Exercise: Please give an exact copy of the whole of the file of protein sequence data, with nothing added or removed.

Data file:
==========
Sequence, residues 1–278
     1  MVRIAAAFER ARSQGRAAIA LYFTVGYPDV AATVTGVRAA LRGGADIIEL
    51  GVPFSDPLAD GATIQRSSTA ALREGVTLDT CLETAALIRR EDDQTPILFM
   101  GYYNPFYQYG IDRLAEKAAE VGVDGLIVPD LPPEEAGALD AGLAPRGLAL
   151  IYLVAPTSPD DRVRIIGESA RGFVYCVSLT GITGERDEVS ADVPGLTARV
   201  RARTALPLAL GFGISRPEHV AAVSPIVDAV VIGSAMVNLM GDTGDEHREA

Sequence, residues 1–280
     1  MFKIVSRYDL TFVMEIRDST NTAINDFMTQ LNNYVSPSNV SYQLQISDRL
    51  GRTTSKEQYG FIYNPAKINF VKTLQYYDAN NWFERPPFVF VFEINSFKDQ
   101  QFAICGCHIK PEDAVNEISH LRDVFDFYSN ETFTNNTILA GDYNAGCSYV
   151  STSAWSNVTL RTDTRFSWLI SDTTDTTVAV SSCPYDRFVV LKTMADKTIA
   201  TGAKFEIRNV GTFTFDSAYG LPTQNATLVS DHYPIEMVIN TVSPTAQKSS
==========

Sequence, residues 1–278
     1  MVRIAAAFER ARSQGRAAIA LYFTVGYPDV AATVTGVRAA LRGGADIIEL
    51  GVPFSDPLAD GATIQRSSTA ALREGVTLDT CLETAALIRR EDDQTPILFM
   101  GYYNPFYQYG IDRLAEKAAE VGVDGLIVPD LPPEEAGALD AGLAPRGLAL
   151  IYLVAPTSPD DRVRIIGESA RGFVYCVSLT GITGERDEVS ADVPGLTARV
   201  RARTALPLAL GFGISRPEHV AAVSPIVDAV VIGSAMVNLM GDTGDEHREA

Sequence, residues 1–280
     1  MFKIVSRYDL TFVMEIRDST NTAINDFMTQ LNNYVSPSNV SYQLQISDRL
    51  GRTTSKEQYG FIYNPAKINF VKTLQYYDAN NWFERPPFVF VFEINSFKDQ
   101  QFAICGCHIK PEDAVNEISH LRDVFDFYSN ETFTNNTILA GDYNAGCSYV
   151  STSAWSNVTL RTDTRFSWLI SDTTDTTVAV SSCPYDRFVV LKTMADKTIA
   201  TGAKFEIRNV GTFTFDSAYG LPTQNATLVS DHYPIEMVIN TVSPTAQKSS